PM has a P/E ratio of 15.84, a P/B ratio of 36.05, and a P/S ratio of 1.82. Revenues for the year totaled in at $67 billion, with a net income of $7.5 billion, an 11.07% margin. The dividend yield currently stands at 3.70%, with earnings per share reported at $4.37. In the last year, PM has grown its revenues and earnings by 12.6% and 18.1% respectively.
Currently, the tobacco industry is in the midst of challenging the federal government’s attempt to place graphic images depicting possible long term effects of smoking. More trouble lies ahead for PM, as Australia is in the midst of requiring all tobacco products to be sold in plain packages, thus eliminating brand differentiation.
Walmart Stores (WMT)
Walmart is a retailer operating primarily through their Walmart and Sam’s Club storefronts. Shares of WMT closed at $52.90, with a market capitalization of $183.70 billion. Auxier paid an average price of $54.14 per share, yielding a potential capital loss of 2.29%. As of Q2 of 2011, WMT was the second largest holding of the firm, at 2.42% of all equities held. Auxier increased his holdings of Walmart by 8.44% quarter to quarter.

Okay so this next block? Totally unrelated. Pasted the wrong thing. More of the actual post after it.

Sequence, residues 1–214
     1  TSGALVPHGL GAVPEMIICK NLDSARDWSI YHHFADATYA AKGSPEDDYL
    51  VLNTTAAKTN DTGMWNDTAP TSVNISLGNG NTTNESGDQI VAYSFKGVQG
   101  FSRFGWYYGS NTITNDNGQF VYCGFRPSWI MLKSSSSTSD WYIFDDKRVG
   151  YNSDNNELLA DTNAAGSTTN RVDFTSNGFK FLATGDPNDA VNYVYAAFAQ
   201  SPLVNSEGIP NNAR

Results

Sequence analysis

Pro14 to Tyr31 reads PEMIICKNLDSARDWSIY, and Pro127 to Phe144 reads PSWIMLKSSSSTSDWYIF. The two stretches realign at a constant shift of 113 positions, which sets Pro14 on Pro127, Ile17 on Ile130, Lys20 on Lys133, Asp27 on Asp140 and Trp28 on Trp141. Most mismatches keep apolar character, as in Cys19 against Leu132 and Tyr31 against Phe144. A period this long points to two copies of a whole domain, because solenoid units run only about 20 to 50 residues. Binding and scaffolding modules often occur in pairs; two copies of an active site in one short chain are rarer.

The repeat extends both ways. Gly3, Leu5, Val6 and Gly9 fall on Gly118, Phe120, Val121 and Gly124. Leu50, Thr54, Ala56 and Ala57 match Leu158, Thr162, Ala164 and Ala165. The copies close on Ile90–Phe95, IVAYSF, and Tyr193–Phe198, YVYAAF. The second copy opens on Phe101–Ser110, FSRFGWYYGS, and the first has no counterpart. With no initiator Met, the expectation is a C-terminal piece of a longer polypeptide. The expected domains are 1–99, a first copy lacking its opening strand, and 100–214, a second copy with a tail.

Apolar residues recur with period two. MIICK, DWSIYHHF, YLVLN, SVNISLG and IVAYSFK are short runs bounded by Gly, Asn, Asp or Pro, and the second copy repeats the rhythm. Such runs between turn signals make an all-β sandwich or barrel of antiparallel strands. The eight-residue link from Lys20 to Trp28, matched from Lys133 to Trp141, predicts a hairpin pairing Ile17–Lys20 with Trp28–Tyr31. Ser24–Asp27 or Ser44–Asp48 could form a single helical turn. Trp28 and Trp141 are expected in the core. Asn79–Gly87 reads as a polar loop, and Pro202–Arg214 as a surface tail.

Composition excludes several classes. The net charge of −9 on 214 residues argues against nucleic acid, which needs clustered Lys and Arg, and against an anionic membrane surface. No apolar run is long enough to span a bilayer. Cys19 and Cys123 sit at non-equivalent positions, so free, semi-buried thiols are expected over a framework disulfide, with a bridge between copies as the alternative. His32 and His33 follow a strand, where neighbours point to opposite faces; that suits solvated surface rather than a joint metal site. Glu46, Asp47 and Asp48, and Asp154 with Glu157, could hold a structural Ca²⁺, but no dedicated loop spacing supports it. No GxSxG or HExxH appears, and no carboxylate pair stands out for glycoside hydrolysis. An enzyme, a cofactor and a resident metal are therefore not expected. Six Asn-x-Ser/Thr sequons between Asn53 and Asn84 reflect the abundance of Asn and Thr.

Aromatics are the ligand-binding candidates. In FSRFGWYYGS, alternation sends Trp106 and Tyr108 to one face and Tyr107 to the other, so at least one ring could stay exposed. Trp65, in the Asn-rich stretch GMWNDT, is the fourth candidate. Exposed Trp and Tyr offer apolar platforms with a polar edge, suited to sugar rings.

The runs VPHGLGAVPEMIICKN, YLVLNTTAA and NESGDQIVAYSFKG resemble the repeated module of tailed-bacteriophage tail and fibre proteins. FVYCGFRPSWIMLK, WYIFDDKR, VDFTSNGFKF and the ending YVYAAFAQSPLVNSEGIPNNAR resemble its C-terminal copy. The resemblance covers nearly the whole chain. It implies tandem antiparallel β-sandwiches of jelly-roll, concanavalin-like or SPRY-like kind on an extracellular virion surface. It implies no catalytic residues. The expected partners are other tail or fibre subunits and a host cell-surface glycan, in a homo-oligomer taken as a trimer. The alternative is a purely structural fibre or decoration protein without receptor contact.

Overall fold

Walmart has a P/E ratio of 11.96, a P/B ratio of 2.74, and a P/S ratio of 0.44. Their revenues for the year were approximately $421.8 billion, with a reported net income of $15.96 billion, yielding a profit margin of approximately 3.78%. Earnings were posted at $4.42 with a dividend yield of 2.76% per share. WMT has grown its revenues and earnings on average by 10.4% and 11.8 over the last 10 years.
Recently, Walmart won a gender discrimination lawsuit before the Supreme Court. In terms of acquisitions, Wal-Mart completed an investment for a 51% stake in the South African Massmart Holdings, a large retailer of goods similar to Walmart in Africa.
GuruFocus rated WMT with the business predictability rank of 5 stars.
Coca-Cola Company (KO)
The Coca-Cola Company owns and markets non-alcoholic brand beverages such as Coca-Cola, Sprite, and Fanta globally. Coca-Cola closed at $68.50, with a market capitalization of $157.28 billion. The average cost of acquisition per share of KO for the firm is estimated at $62.79, yielding a capital gain potential of approximately 9.1%. Coca-Cola is the third largest holding of the firm, at 2.14% of all equities held. Auxier reduced his holdings of Coca-Cola by .07% quarter to quarter.
KO has a P/E ratio of 12.80, a P/B ratio of 5.15, and a P/S ratio of 4.56. Revenues for the year topped $35 billion, with a net income of $11.8 billion, yielding a margin of approximately 33.77%. On the same note, earnings were reported at $5.35 per share, with a dividend yield that currently stands at 2.74%. On average, over the last 10 years, KO has grown its revenues and earnings by 8% and 12.3% annually.